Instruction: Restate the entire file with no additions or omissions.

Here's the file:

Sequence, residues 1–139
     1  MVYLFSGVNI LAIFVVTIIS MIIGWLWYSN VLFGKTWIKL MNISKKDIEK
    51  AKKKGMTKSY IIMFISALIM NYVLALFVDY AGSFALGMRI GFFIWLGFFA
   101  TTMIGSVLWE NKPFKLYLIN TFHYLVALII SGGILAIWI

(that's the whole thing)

Sequence, residues 1–139
     1  MVYLFSGVNI LAIFVVTIIS MIIGWLWYSN VLFGKTWIKL MNISKKDIEK
    51  AKKKGMTKSY IIMFISALIM NYVLALFVDY AGSFALGMRI GFFIWLGFFA
   101  TTMIGSVLWE NKPFKLYLIN TFHYLVALII SGGILAIWI